New Update How the hell WD works on Windows Home & Pro?

Andy Ful

From Hard_Configurator Tools
Thread author
Verified
Honorary Member
Top Poster
Developer
Well-known
Dec 23, 2014
8,176

Andy Ful

From Hard_Configurator Tools
Thread author
Verified
Honorary Member
Top Poster
Developer
Well-known
Dec 23, 2014
8,176
Managing script false positive detections (antimalware, AMSI, ASR).

Defender can detect/block scripts by several different security layers, for example:
  1. Antimalware (pre-execution) detection.
  2. AMSI-paired machine models (pre-execution) detection.
  3. AMSI-paired machine models (post-execution) detection.
  4. ASR rules.
False detections from points 1, 2, and 3 can be separately excluded via Security Center. The false positive ASR blocks can be excluded by using PowerShell, GPO, or ConfigureDefender.

Please note: Post-execution AMSI-based detections cannot be avoided by adding path exclusions for scripts via Add-MpPreference PowerShell cmdlet (or Defender Policy via GPO)!

AMSI-based detections are similar to other behavior-based detections. AMSI is used to supply machine learning models with code in clear text to avoid string obfuscation.
In the pre-execution case, the code is scanned and the script is blocked if recognized as malicious by behavior models.
In the post-execution case, the code execution is monitored at the runtime and analyzed by dynamic behavior models. The execution is interrupted when the suspicious actions exceed the detection threshold.

Malicious scripts blocked by AMSI-paired machine models are reported in Microsoft Defender Security Center as follows (one year old classification):
  • Trojan:JS/Mountsi.?!ml
  • Trojan:Script/Mountsi.?!ml
  • Trojan:O97M/Mountsi.?!ml
  • Trojan:VBS/Mountsi.?!ml
  • Trojan;PowerShell/Mountsi.?!ml

Some scripts can be blocked by more than one detection.

Microsoft uses many other interesting script detections, for example:
https://www.microsoft.com/en-us/wdsi/threats/threat-search?query=Script
https://www.microsoft.com/en-us/wdsi/threats/threat-search?query=powershell
https://www.microsoft.com/en-us/wdsi/threats/threat-search?query=amsi
https://www.microsoft.com/en-us/wdsi/threats/threat-search?query=ams
https://www.microsoft.com/en-us/wdsi/threats/threat-search?query=:js/
https://www.microsoft.com/en-us/wdsi/threats/threat-search?query=:vbs/
https://www.microsoft.com/en-us/wdsi/threats/threat-search?query=bat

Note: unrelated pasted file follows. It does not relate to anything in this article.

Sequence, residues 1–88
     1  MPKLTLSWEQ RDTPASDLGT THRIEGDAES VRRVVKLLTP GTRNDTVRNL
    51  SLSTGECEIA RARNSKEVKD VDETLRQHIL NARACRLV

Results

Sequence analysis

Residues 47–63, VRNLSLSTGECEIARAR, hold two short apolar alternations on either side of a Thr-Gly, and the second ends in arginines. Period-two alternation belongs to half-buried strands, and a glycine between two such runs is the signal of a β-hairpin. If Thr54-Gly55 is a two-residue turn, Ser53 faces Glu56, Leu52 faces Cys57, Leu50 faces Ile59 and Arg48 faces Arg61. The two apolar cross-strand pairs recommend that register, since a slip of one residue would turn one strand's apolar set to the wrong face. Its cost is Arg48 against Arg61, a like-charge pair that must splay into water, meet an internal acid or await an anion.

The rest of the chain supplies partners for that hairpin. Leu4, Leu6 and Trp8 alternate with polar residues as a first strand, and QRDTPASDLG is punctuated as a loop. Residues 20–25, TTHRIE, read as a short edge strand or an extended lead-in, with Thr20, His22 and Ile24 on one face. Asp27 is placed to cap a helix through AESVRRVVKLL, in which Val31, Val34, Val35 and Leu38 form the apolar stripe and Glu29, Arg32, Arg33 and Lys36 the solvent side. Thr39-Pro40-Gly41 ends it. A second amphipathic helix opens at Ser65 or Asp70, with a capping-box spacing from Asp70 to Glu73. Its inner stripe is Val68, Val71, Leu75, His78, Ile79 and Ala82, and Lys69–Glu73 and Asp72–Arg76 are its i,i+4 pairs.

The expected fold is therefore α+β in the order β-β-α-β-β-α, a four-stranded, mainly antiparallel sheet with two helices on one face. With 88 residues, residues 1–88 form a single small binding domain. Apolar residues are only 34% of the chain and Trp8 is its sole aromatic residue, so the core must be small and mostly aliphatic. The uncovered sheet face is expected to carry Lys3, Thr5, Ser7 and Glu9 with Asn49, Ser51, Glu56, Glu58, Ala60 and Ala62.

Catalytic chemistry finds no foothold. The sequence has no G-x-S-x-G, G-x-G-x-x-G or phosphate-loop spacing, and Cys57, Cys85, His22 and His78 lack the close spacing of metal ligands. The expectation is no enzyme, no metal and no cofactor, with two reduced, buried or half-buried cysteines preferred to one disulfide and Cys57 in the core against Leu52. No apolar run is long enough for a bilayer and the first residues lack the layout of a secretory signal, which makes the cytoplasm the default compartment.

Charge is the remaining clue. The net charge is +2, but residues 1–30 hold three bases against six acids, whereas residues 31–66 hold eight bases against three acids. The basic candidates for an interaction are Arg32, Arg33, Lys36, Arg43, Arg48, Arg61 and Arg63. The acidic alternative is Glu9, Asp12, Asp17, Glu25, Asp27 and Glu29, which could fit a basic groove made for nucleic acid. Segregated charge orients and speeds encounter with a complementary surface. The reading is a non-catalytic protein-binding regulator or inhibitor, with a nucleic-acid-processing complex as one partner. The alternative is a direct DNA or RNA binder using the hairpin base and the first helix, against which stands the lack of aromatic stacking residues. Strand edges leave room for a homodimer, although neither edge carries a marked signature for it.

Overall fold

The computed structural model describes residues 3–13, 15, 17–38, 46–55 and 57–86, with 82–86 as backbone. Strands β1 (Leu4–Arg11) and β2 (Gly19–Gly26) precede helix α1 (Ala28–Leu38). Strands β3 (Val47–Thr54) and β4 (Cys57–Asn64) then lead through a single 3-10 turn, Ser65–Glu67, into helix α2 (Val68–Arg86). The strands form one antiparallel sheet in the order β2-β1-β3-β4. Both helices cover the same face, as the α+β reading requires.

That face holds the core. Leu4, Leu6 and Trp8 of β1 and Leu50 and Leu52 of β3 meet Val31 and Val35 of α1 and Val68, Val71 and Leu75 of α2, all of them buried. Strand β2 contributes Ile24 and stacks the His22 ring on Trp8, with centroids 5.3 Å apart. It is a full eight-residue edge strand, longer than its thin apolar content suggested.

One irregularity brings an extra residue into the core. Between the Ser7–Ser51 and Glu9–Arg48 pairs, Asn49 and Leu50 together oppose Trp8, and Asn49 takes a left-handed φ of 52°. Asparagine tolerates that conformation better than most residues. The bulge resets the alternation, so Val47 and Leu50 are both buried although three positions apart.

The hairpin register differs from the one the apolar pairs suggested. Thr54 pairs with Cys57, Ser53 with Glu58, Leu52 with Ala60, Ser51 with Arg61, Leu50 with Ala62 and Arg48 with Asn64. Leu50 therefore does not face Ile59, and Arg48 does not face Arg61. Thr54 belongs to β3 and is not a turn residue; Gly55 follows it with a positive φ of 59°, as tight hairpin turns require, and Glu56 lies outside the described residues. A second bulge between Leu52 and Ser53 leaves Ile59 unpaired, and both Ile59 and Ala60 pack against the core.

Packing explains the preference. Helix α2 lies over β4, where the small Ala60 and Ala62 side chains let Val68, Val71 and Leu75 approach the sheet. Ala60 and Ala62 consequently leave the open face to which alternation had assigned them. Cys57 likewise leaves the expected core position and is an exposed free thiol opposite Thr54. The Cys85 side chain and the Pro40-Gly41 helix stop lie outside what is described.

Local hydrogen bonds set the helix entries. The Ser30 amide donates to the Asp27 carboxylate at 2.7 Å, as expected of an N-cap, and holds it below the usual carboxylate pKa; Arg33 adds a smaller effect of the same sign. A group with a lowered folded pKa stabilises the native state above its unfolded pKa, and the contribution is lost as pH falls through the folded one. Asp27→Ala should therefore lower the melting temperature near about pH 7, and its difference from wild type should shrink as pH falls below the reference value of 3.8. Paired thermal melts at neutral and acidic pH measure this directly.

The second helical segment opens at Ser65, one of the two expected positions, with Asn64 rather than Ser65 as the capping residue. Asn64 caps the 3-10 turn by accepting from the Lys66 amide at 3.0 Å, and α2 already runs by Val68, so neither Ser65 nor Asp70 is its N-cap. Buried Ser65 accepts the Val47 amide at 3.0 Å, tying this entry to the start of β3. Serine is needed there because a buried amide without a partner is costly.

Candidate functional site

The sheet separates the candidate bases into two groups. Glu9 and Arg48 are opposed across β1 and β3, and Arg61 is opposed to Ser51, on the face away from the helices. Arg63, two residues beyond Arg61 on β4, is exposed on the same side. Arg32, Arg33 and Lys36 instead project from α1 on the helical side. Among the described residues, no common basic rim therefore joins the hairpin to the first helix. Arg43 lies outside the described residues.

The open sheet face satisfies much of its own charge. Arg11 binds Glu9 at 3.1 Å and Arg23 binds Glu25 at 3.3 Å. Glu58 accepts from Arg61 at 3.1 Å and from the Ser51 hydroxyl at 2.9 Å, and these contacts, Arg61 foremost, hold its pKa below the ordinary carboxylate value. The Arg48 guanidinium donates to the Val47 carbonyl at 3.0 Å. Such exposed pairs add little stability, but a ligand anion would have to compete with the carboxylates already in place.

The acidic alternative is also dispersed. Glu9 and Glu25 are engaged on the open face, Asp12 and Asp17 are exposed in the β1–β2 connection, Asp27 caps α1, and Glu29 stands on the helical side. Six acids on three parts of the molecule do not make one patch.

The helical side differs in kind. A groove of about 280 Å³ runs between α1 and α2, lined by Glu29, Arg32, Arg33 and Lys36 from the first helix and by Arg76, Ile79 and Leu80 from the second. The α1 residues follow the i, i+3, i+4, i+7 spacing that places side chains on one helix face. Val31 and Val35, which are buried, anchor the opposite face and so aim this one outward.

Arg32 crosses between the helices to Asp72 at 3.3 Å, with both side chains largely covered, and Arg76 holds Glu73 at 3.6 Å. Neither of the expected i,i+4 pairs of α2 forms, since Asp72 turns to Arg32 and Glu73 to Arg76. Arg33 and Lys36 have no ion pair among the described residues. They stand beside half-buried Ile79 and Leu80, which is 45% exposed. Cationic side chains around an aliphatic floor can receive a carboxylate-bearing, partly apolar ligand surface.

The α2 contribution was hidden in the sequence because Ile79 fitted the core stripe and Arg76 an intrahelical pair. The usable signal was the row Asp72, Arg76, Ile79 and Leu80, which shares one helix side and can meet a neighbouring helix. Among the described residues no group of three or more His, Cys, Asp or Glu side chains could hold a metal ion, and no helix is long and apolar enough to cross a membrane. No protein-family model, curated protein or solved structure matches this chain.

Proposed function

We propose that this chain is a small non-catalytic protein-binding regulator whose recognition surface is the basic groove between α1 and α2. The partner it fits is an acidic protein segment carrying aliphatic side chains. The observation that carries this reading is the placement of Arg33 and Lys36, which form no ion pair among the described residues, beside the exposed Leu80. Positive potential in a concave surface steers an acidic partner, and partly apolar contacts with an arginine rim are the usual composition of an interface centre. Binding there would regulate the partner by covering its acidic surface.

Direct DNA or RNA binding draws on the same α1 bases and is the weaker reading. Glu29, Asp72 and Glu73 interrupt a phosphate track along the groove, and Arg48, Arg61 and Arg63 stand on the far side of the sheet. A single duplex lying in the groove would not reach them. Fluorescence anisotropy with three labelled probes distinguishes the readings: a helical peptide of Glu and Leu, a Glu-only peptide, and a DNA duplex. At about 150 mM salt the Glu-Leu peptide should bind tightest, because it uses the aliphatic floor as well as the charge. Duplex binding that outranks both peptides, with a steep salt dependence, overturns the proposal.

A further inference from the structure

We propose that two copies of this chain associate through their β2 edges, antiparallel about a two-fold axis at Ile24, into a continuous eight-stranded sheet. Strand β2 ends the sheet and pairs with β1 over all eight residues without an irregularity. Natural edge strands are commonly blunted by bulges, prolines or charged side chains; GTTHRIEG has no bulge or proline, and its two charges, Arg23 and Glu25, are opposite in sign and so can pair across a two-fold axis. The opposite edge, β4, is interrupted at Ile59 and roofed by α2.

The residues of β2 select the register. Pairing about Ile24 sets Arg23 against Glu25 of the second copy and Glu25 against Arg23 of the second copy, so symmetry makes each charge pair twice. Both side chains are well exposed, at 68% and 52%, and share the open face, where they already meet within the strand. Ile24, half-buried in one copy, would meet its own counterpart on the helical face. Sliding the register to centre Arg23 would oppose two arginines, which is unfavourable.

Detecting Office macros:
https://www.microsoft.com/en-us/wdsi/threats/threat-search?query=w97m
https://www.microsoft.com/en-us/wdsi/threats/threat-search?query=o97m

Post updated.
The problems with whitelisting and exclusions of AMSI-based detections were finally solved by Microsoft:
https://malwaretips.com/threads/how...ipt-as-containing-a-threat.107234/post-935955
 
Last edited:

Andy Ful

From Hard_Configurator Tools
Thread author
Verified
Honorary Member
Top Poster
Developer
Well-known
Dec 23, 2014
8,176
Some info about training AMSI machine learning models.

"Antimalware Scan Interface (AMSI) helps security software to detect such malicious scripts by exposing script content and behavior. AMSI integrates with scripting engines on Windows 10 as well as Office 365 VBA to provide insights into the execution of PowerShell, WMI, VBScript, JavaScript, and Office VBA macros. Behavioral blocking and containment capabilities in Microsoft Defender Advanced Threat Protection (ATP) take full advantage of AMSI’s visibility into scripts and harness the power of machine learning and cloud-delivered protection to detect and stop malicious behavior. In the broader delivery of coordinated defense, the AMSI-driven detection of malicious scripts on endpoints helps Microsoft Threat Protection, which combines signals from Microsoft Defender ATP and other solutions in the Microsoft 365 security portfolio, to detect cross-domain attack chains.
On endpoints, performance-optimized machine learning models inspect script content and behavior through AMSI. When scripts run and malicious or suspicious behavior is detected, features are extracted from the content, including expert features, features selected by machine learning, and fuzzy hashes. The lightweight client machine learning models make inferences on the content. If the content is classified as suspicious, the feature description is sent to the cloud for full real-time classification. In the cloud, heavier counterpart machine learning models analyze the metadata and uses additional signals like file age, prevalence, and other such information to determine whether the script should be blocked or not.
These pairs of AMSI-powered machine learning classifiers, one pair for each scripting engine, allow Microsoft Defender ATP to detect malicious behavior and stop post-exploitation techniques and other script-based attacks, even after they have started running. In this blog, we’ll discuss examples of Active Directory attacks, including fileless threats, foiled by AMSI machine learning.
"

Diagram showing pairs of machine learning models on the endpoint and in the cloud using AMSI to detect malicious scripts

Figure 1. Pair of AMSI machine learning models on the client and in the cloud

....

"To ensure continued high-quality detection of threats, the AMSI machine learning models are trained per scripting engine using real-time protection data and threat investigations.